Date: 18-May-2022

UPS Life Cycle Management


Ideally you have been advised to implement a preventative maintenance programme to ensure your UPS is ready to perform when called upon.


Like everything, UPS and battery systems have an expected operational lifetime and will eventually require retirement and replacement.


The service life that you can expect to achieve from your UPS and battery system is impacted by several factors including:

UPS design and manufacture quality
UPS configuration, especially battery discharge and recharge cycles
Physical environment particularly temperature, humidity and air quality
Electrical environment including harmonics
Proactive replacement of consumables such as batteries, filters, fans and capacitors


Whether you have a single UPS system of a distributed fleet of UPS and battery systems supporting your critical business operations, Life Cycle Management is something that should be on your radar.



Plan - Define the requirement and design a power quality solution


Install - Physical and electrical installation, configuration and commission testing


Maintain - Implement preventative maintenance


Monitor - Remote monitor using SNMP, dry contact relays or Modbus


Update - Proactive replacement of consumables (batteries, fans, capacitors & filters) and update UPS firmware at prescribed intervals


Retire & Replace - De-commission, removal and environmental disposal at end of service life (EOSL) and plan for replacement


How do you treat your UPS?


We encounter three typical approaches for UPS management and maintenance – which do you use?



Run the device until it breaks with little (or no) regular maintenance. Replace UPS on failure. Large potential risk in the event of failure with potential for extended outages whilst a replacement UPS is procured.


Standard maintenance performed at predetermined (often yearly) intervals. Some consumables replaced but no true operational visibility. Replace UPS on failure.


Ongoing evaluation of maintenance and operational readiness. Monitored evaluation of device performance-health based on testing and life cycle. Replacement is actively planned and budgeted for.


The approach that you take during the service life of your UPS equipment will depend on the criticality of the business operation protected by your UPS solutions and your budget.


Whatever approach you take, you can still be proactive in planning and budgeting for UPS retirement and replacement.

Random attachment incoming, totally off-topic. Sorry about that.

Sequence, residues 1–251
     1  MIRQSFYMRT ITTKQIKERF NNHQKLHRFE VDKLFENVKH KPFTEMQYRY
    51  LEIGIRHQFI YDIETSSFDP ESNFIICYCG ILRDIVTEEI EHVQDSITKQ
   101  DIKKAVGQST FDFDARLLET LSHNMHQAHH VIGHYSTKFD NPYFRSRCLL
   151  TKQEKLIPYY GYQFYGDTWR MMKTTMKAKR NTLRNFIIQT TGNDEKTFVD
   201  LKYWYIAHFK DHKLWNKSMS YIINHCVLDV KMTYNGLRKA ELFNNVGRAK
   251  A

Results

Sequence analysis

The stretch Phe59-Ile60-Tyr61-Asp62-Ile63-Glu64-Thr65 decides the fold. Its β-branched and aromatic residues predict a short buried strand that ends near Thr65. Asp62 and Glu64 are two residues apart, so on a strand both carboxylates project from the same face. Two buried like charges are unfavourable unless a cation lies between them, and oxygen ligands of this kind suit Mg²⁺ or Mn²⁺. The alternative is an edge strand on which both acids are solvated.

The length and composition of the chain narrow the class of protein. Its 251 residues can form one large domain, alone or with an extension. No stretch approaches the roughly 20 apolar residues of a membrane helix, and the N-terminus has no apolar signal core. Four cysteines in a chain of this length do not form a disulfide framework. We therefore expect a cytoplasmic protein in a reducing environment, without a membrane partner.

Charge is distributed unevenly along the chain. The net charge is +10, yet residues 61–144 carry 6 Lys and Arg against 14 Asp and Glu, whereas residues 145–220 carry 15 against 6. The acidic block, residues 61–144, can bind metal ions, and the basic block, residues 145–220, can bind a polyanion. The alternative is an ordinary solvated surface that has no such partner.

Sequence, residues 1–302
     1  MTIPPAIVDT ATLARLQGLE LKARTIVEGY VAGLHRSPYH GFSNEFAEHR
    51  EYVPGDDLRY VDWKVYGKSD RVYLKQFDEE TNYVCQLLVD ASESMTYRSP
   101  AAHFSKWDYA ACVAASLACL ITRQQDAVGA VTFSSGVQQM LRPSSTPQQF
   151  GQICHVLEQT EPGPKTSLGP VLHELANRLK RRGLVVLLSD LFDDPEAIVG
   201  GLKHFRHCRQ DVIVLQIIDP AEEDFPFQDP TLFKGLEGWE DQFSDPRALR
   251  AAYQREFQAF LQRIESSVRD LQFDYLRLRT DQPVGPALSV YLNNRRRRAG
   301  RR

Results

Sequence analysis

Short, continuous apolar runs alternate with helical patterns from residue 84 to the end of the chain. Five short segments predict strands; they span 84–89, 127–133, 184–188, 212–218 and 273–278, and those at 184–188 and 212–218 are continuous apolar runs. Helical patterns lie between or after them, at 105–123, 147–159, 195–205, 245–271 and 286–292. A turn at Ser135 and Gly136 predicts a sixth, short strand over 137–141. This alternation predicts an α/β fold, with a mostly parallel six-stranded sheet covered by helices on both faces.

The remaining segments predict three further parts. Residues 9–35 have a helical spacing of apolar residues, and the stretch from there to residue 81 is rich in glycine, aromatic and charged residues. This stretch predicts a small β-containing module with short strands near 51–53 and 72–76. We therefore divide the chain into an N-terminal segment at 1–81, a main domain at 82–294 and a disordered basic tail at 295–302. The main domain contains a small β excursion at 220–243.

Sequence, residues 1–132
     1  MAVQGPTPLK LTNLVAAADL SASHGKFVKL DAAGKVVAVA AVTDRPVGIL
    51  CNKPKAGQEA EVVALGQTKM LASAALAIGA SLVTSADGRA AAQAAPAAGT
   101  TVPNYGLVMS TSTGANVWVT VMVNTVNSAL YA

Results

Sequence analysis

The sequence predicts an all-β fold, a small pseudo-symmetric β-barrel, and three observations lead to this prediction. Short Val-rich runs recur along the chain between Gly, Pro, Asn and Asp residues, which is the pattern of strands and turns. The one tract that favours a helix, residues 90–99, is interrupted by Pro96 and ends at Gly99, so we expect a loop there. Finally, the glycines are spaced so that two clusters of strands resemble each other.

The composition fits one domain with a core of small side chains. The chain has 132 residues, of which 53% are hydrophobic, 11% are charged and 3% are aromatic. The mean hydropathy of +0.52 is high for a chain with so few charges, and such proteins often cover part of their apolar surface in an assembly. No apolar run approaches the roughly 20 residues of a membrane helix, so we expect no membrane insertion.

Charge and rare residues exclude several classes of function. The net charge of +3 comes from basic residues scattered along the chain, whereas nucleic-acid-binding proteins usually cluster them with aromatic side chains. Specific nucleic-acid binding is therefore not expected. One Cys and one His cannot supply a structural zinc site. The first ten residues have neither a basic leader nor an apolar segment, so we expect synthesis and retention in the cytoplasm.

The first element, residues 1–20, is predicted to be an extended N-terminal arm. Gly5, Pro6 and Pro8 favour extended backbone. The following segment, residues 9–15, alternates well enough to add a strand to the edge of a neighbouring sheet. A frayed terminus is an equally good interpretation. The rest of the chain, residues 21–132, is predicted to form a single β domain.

In its simplest form this can be achieved by retaining a record of each UPS and battery system in your fleet, its purchase date and expected service life (from manufacturers documentation)


With this information you can broadly predict when your equipment will be due for retirement and replacement.


All of this information should be available on UPS service reports.


Its never too late to change


Whatever the strategy you follow during the service life of your UPS and battery systems, life-cycle management will provide you with the visibility to ensure operational readiness and pro-actively budget for replacement at end of life.


UPS lifecycle management can deliver affordable and reliable network availability that supports users and the business—reducing risk while satisfying stakeholder demand for continuity.


Partnering with a UPS service provider can provide expertise to configure, deploy, manage, and dispose of UPS devices for optimum Return on Investment and reduced Total Cost of Ownership.


You can also reduce management burdens on IT and facilities management staff by partnering with a dedicated UPS and power quality service provider. They can streamline the UPS management approach by offering equipment, management, and engineering services from a single source to align UPS investments with continuity goals.



Case study one


A retail business has a small 650VA UPS unit deployed on each point-of-sale terminal across their 20 stores. The UPS units are of varying ages and condition. The service life approach adopted is replace on fail.


The lifecycle replacement strategy would be to record the location and anticipated retirement age of each UPS (typically 3-5 years from install), overlaying with the current replacement cost would provide a good indication for budgeting purposes of the replacement costs likely in the coming years.


Case study two


An organisation has a four-rack server room with each rack being supported by a 3kva rack-mount UPS. The UPS equipment is monitored via SNMP providing real time data on UPS status and battery backup time. Each UPS is serviced annually.


The life cycle replacement strategy would be to record the install date of each UPS unit, budget and schedule mid-life battery replacements at 4 years and budget and schedule for total replacement at 8 – 10 years (8 years if the operating environment is poor and 10 years if the operating environment is clean, cool and electrically stable).